Awoke to scattered clouds and a mirror like sea. Both good things when you’re planning to ride a bike in Norway. The view from the campsite wasn’t too shabby either .
Today’s ride would take me across 3 islands as I headed north. The first sector was 57 km followed by a 20 min ferry from Horn to Andalvagen and then a 17 km dash to the northern part of that island and the port of Forvik before a 50 min ferry trip to Tjøtta that resulted in a 27 km ride to Servika, my destination for the night. Got all that?
Rode past a “small” village.
This first sector was with doubt the flattest ride I’ve had in Norway thus far. The road being jammed between the sea and a mountain range that looked ready to collapse into the water.
Did I mention how calm it was?
When you’re headed for a ferry it’s interesting to watch out for the approaching convoy of cars that all pass you simultaneously, given they’ve all been released at the same time from the ferry you’re heading for. Usually the convoy is headed by the motorcyclists and then some nutter driving stupidly fast in a BMW X6 or other quick SUV. They’re quickly followed by the new model AUDI drivers who in turn are followed by the VW , Volvo , and other later model type salons. Following them are the professional truck drivers who in turn are followed by campervan holidymakers. Second to last come those towing actual caravans. Last but not least and usually driving a car dating from the 1970’s and barely able to see over the dashboard are the ocatgenrian local Norwegians making their way as they have done for the last 45 years from home to the neighbouring island for a Bridge or Canasta club Wednesday meeting .
On the first ferry I got chatting to a young lady and her grandfather who like me were taking photos of the scenery from the ships bow. They were on their way to Alta in the far north for a family reunion. Coming from just south of Oslo their round trip was going to be close to 3,000km by my estimations. It could be worse. They could be riding there. She told me they had 7 ferries to catch today and were taking this scenic route rather than the expressway because of just that. The scenery. My bet is it will be the express way back.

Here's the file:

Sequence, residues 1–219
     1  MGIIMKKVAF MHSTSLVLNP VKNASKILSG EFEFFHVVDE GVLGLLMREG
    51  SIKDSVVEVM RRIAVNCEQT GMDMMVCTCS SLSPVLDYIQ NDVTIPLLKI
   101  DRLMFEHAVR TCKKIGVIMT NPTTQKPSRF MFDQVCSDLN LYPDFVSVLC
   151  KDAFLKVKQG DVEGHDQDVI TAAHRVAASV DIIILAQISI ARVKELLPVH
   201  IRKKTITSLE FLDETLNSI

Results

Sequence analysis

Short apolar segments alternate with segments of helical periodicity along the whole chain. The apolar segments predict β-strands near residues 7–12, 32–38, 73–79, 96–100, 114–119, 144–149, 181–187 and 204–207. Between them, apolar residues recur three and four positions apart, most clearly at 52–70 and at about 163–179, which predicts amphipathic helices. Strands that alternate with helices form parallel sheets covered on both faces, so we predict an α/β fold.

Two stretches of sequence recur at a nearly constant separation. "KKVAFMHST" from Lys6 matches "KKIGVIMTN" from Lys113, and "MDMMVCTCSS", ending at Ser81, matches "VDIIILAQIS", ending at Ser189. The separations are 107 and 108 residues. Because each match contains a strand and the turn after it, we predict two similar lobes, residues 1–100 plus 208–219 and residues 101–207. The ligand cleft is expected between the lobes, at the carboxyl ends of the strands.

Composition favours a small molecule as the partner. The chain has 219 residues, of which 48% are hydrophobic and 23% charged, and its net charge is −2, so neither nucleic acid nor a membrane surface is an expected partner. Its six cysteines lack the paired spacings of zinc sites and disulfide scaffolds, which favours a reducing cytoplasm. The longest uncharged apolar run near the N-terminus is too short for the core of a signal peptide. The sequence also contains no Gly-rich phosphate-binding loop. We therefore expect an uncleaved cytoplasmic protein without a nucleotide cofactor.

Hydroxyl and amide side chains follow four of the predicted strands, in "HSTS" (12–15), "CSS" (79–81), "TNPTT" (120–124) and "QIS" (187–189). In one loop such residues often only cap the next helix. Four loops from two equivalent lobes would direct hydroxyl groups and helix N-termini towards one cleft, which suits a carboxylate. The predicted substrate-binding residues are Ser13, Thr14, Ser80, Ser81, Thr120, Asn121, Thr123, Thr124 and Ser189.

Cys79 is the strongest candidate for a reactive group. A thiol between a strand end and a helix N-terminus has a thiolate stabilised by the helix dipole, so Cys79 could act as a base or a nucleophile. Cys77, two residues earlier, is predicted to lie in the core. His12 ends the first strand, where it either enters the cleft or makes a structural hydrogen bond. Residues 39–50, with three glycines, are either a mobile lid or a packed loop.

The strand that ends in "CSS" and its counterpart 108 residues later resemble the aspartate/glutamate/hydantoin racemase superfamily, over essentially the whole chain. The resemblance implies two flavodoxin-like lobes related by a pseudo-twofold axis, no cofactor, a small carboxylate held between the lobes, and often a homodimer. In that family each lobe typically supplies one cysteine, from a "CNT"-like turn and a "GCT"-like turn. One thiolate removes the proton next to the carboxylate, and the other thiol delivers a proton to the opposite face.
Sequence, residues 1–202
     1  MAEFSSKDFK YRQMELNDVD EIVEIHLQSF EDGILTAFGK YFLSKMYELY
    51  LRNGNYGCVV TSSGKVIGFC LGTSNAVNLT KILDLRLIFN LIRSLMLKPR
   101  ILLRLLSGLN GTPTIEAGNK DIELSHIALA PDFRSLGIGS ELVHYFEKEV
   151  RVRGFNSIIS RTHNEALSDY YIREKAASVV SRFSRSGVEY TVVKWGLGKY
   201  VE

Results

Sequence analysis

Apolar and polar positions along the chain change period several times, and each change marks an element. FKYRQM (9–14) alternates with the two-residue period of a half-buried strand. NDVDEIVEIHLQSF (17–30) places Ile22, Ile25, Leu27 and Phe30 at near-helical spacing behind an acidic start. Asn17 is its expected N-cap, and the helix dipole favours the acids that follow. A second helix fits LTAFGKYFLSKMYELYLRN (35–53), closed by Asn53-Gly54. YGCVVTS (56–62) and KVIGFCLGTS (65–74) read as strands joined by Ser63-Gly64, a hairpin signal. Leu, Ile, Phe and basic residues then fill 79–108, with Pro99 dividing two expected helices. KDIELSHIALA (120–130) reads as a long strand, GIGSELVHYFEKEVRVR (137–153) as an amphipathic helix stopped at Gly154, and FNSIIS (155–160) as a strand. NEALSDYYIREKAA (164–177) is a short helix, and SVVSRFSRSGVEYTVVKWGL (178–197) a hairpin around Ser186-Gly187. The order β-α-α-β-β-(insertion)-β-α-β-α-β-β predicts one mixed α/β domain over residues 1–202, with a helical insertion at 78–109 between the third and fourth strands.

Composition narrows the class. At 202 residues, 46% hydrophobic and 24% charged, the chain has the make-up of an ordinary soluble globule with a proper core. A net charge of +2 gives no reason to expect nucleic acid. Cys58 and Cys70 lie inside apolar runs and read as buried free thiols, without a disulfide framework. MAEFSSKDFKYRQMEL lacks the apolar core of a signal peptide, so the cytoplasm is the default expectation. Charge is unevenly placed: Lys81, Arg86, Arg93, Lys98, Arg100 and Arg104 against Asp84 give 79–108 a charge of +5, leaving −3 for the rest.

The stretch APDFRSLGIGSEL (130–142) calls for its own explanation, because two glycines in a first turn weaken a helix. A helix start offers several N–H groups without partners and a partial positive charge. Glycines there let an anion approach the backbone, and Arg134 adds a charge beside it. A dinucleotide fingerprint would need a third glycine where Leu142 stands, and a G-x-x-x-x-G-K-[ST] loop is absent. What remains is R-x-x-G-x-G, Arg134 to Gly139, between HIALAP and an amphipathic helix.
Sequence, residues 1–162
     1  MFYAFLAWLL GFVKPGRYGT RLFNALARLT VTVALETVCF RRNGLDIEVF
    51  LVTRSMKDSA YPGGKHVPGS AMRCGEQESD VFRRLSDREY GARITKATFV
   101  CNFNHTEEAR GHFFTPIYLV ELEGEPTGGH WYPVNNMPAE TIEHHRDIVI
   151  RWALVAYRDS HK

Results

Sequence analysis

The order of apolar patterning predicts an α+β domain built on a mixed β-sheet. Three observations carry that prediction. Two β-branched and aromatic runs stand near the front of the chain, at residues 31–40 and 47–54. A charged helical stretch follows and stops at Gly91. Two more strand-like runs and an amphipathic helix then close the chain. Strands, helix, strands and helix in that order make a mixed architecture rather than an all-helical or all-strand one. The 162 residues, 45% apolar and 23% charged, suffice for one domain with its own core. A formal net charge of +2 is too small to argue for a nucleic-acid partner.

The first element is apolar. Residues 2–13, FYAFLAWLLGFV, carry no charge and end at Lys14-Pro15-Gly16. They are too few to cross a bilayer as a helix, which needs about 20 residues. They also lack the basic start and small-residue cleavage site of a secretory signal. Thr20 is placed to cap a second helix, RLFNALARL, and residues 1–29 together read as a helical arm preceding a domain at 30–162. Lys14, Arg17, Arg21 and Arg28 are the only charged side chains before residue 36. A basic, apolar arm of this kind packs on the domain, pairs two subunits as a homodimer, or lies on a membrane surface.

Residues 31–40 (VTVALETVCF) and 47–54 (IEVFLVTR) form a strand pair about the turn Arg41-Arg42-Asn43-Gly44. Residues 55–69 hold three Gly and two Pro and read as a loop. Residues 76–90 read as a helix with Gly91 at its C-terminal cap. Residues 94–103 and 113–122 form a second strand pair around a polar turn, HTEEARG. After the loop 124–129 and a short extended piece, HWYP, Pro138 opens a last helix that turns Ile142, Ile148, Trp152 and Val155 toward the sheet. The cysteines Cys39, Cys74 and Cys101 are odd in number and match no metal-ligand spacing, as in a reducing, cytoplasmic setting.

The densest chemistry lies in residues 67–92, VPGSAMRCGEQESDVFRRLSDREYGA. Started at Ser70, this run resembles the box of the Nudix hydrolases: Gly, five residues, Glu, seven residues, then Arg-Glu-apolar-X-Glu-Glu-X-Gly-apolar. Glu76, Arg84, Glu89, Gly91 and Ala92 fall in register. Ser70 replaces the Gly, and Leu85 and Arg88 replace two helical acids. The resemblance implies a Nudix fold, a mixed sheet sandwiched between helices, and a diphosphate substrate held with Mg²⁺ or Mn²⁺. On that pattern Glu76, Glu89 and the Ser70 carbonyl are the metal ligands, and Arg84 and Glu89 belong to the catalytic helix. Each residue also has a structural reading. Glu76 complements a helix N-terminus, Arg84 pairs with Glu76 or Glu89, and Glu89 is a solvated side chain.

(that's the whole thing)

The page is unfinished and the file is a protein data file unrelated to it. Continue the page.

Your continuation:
The views didn’t get any worse as the day wore on and the sea stayed calm.
At Forvik there was an hour wait for the ferry and here I stumbled into Frank and Fred. Frank is French and riding to Nordkapp from Madrid. Last year he rode from Columbia to Usuahia in southern Argentina . The year before from Mongolia to India. I didn’t bother asking him if he was married.
Fred is a 79 year old retired solar energy technician and still owner of a company providing the technology to be able to harness the suns energy to heat water and provide heating. He was quick to point out not to provide electricity.
Meet Frank and Fred
After 54,000 km of riding Frank’s “ Brooks “ bicycle seat is certainly “worn” in.
Front seat views were pretty spectacular . In fact any seat had a great view as we made our way from Forvik to Tjøtta.
With a bit of self belief and determination anything is possible .
They start them young up here. Alongside the Servik School was this most junior of ski jump hills. If it was the last day of my ride and I had imbibed 4 or more shots of that 90 proof rocket fuel that Stein was pouring me the night before last I don’t think you’d have to pay me much to see me ride my bike off that jump. Panniers attached.
Aside from it not raining the other highlight of the day was me sighting my first ever live moose. At first I thought it was an oversized donkey with bandied legs as it bound off into the scrub. Then it dawned on me it was in fact a moose. It didn’t have antlers and as my research has discovered that is because it was a female moose. Also known as a cow.
Now you know.